The literature related to warm demanding describes teachers who balance care and authority to create a learning environment that supports a culture of achievement for African American students. Embedded in this stance is sociopolitical consciousness that explicitly links teachers’ care and authority with a larger social justice agenda. Drawing on interviews and online course assignments, we describe two preservice teachers’ conceptions and enactments of warm demanding in full-time elementary school internships in an African American elementary school. Findings reveal that although the preservice teachers communicated similar commitments to warm demanding, they enacted the stance differently, suggesting that while warm demanders share similar commitments, their practice may vary. The two cases highlight the promise of teacher education courses and field experiences to be structured in ways that promote the development of teacher aptitudes for strengthening equity and excellence in the education of an historically marginalized population of students.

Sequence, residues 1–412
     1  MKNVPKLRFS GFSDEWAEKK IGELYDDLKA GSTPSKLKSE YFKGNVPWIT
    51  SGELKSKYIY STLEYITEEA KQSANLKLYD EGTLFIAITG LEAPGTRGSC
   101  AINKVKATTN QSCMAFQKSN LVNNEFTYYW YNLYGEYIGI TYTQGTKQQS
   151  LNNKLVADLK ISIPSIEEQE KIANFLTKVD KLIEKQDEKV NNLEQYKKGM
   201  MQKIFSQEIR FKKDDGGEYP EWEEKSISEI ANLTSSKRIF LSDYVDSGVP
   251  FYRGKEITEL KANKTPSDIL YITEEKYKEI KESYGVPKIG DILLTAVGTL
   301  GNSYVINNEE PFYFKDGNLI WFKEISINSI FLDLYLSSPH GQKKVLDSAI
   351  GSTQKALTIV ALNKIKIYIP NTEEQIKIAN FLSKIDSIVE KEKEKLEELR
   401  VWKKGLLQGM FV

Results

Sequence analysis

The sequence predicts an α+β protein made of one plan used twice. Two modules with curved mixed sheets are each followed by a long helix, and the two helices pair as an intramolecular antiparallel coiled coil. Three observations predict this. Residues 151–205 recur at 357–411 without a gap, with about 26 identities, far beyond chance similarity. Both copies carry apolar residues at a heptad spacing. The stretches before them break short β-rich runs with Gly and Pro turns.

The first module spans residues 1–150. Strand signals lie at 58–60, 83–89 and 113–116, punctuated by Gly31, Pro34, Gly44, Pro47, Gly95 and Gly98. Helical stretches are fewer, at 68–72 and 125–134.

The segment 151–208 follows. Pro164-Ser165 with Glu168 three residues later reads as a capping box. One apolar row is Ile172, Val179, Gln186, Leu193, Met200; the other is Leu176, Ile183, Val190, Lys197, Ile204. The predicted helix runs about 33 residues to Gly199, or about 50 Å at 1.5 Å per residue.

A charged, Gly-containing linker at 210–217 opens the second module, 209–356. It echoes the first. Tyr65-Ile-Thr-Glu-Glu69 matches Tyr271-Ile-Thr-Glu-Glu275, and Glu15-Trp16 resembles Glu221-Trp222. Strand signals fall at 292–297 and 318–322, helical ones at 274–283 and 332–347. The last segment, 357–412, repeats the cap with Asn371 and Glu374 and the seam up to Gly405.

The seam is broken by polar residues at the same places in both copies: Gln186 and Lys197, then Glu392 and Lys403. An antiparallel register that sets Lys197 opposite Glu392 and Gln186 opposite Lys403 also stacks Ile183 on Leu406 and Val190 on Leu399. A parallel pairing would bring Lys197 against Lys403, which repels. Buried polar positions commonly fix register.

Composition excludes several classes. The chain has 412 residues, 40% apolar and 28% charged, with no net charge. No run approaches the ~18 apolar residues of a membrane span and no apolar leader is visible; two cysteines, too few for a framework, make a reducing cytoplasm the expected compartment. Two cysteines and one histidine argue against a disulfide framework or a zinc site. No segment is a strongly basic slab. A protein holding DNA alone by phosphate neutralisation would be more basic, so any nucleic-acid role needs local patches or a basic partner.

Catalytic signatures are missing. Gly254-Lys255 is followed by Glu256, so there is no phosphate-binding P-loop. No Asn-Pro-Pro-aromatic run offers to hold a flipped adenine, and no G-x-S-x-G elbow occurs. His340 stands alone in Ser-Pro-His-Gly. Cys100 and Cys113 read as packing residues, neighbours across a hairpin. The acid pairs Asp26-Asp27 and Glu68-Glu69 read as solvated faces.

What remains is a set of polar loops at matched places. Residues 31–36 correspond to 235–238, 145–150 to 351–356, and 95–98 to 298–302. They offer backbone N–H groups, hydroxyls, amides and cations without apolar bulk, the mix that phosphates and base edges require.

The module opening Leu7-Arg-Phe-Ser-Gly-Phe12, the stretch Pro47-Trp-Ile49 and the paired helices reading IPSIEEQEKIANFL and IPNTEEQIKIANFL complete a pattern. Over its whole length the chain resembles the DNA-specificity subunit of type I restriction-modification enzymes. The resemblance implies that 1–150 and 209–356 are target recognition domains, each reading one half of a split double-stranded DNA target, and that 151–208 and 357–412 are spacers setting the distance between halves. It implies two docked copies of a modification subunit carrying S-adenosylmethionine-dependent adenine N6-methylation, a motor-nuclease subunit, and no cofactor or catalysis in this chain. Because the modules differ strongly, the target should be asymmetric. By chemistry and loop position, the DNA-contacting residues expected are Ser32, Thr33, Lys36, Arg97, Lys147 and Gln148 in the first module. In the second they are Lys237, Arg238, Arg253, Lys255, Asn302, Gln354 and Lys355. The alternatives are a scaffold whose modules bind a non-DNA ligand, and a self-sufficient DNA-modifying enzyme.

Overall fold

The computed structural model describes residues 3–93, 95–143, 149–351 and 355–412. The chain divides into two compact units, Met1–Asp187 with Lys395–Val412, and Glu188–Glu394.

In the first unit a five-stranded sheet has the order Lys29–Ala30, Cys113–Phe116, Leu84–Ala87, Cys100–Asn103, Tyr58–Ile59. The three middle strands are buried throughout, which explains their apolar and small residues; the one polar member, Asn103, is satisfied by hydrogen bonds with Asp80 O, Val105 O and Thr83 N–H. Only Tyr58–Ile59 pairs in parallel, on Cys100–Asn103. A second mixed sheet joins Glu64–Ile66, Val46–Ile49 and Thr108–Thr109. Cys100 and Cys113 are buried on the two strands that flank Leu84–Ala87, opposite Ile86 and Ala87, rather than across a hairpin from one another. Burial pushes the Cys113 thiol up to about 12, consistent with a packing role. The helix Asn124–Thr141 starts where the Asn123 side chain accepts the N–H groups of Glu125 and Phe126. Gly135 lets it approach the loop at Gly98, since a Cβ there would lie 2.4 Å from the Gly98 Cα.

The Urban Review
Digital Object Identifier (DOI)
Hambacher, E., Acosta, M., Bondy, E., & Ross, D. D. (2016). Elementary preservice teachers as warm demanders in an African American school. The Urban Review, 42(2), 175-197.